Date of Award


Document Type


Degree Name

Master of Science (MS)

Legacy Department

Applied Sociology

Committee Chair/Advisor

Wentworth, William

Committee Member

Sturkie , Douglas K

Committee Member

Winslow , Sarah


In the spring of 2004, the military police assigned to guard the Abu Ghraib prison in Baghdad, Iraq found themselves at the center of numerous investigations regarding the abuse, torture, rape, and murder of detainees in United States custody. Their behavior was influenced and encouraged by U.S. officials, including President George W. Bush and Secretary of Defense Donald Rumsfeld. The Bush administration effectively created a reality for the military police that fostered increasingly violent and aggressive tendencies beyond what is expected or allowed in similar circumstances. Existing literature and conclusions from previous studies support the claim that social and situational forces can influence individuals to commit cruel and unusual acts while under the authority of a legitimated institution or figure. The obedience studies conducted by Stanley Milgram and Philip Zimbardo's Stanford Prison Experiment provide empirical evidence of the social psychological theories of the social construction of reality, impression management, and the Thomas Theorem. I explore the story of Abu Ghraib through the lens of symbolic interactionism via the qualitative data collection process of content analysis. Government documents such as interrogation procedures defined by the U.S. Army and memorandums prepared, issued, and (sometimes) rescinded by government officials in the months leading up to the investigations regarding detainee treatment and interrogation at Abu Ghraib is included in the content analysis. Other materials included consist of the photographs, newspaper articles, and documentaries that engulfed the media during and after the investigations, as well as the official expert investigation reports and detainee and eyewitness account depositions and interviews. A careful examination of the materials in the content analysis reveal a striking resemblance to the empirical studies listed above, supporting the claim that situational factors created a reality the guards considered to be real and (as the Thomas Theorem predicts) became real in its consequences.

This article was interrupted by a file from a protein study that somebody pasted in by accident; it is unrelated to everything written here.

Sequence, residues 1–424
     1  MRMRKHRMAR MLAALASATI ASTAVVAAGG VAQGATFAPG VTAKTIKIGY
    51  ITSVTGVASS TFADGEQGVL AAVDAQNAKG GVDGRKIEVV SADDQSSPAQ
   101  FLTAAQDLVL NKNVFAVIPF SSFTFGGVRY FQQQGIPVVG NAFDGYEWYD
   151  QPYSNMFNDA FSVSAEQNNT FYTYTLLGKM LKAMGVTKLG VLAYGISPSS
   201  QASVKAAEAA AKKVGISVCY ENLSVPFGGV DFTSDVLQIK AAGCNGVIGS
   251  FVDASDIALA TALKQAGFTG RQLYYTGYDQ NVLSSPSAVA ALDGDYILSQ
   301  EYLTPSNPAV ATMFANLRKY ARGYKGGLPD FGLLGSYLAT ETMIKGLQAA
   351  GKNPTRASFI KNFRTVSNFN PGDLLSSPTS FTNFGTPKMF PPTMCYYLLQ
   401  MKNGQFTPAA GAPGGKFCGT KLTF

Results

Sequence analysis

Included in

Sociology Commons



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